Past present Future. What is time?
It is a reflection on time that this exhibition proposes to you at the Sines Arts Center where the exhibition “Linha do Tempo” is on display, in partnership with the Elvas Contemporary Art Museum – António Cachola Collection.
Until October 10th, it can contemplate 67 works of art from the António Cachola Collection, one of the most prestigious national collections and considered fundamental for the understanding of Portuguese art of the last 40 years and which includes works by 35 artists: Ana Mansos, Ana Péres -Quiroga, Ana Rito, Augusto Alves da Silva, Edgar Martins, Fernão Cruz, Gil Amourous, Hugo Guerreiro, Ilda David, Isabel Simões, João Galrão, João Jacinto, João Paulo Serafim, João Queiroz, Jorge Molder, José Loureiro, José Pedro Croft, Luís Campos, Luís Palma, Marcelo Costa, Maria Lusitano, Marta Soares, Miguel Ângelo Rocha, Nuno Sousa Vieira, Paulo Catrica, Pedro Calapez, Pedro Casqueiro, Pedro Gomes, Rui Chafes, Rui Neiva, Rui Serra, Sofia Areal, Susana Guardado, Vasco Araújo and Vhils.
The curator, Ricardo Estevam Pereira, points out that “Artistic work cannot escape the time in which it is created. The author is inevitably immersed in a reality that, from the world of ideas to the materials he finds at his disposal, shapes his gestures and the marks they leave us. Even when he closes himself in his inner universe and refuses the values of his time, this same refusal is an unmistakable gesture of reaction to a moment in history. For many creators, this destiny is particularly conscious, developing their work as a reflection on the main issues of the present time, its vertiginous acceleration or the moments in which it is suspended in a void. From their syntheses emerges the drama of Man in his labyrinth, looking for Ariane’s thread that can lead him to happiness, in search of eternity, shelter, space for meeting and dialogue with the other, apparently impossible in the immensity of concrete cities .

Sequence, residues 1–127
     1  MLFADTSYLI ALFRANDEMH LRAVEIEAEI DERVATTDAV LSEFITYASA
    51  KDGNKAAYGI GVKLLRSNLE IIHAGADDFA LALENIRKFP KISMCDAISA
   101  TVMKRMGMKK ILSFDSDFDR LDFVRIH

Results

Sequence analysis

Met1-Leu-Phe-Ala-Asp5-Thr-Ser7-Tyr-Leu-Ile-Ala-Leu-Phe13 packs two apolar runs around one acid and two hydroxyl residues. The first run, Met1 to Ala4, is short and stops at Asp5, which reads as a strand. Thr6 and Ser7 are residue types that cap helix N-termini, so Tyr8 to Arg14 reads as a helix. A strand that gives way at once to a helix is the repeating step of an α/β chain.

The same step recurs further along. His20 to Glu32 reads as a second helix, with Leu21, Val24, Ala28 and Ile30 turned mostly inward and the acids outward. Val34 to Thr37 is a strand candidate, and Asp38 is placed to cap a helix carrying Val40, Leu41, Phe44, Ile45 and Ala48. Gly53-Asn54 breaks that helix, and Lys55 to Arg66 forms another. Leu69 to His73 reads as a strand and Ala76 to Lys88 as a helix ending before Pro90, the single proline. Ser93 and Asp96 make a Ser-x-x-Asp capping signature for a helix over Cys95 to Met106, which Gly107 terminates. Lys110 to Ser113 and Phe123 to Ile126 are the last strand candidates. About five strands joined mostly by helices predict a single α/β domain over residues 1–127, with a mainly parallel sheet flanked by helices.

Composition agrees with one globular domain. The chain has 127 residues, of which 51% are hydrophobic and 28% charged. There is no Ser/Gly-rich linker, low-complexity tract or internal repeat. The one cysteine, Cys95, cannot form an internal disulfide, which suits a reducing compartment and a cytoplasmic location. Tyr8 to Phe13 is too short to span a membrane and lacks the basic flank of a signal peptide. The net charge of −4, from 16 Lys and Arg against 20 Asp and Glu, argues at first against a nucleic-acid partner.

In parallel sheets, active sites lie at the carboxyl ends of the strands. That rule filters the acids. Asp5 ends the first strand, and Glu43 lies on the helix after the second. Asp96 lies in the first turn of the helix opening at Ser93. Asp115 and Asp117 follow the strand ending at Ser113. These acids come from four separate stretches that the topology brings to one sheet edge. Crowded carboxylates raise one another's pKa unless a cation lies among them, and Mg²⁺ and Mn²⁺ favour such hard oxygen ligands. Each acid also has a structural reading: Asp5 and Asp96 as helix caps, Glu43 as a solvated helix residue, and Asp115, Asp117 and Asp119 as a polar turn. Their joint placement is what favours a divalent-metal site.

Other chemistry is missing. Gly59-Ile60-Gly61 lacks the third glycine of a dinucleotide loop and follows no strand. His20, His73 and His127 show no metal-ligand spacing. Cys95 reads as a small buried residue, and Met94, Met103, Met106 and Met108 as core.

Nosso Tempo is thus documented, in the most diverse ways, in the 67 works that make up this exhibition and which were all produced in the last 30 years. The overwhelming majority of them date back to the 21st century, which makes this a privileged opportunity to look for some of the strengths of plastic research in this new century. By putting them into dialogue, we seek to show that Time is not just the interval measured mechanically by a clock, it is a reality, above all, felt and equated by human beings, in the most varied ways.”
@ Tribuna Alentejo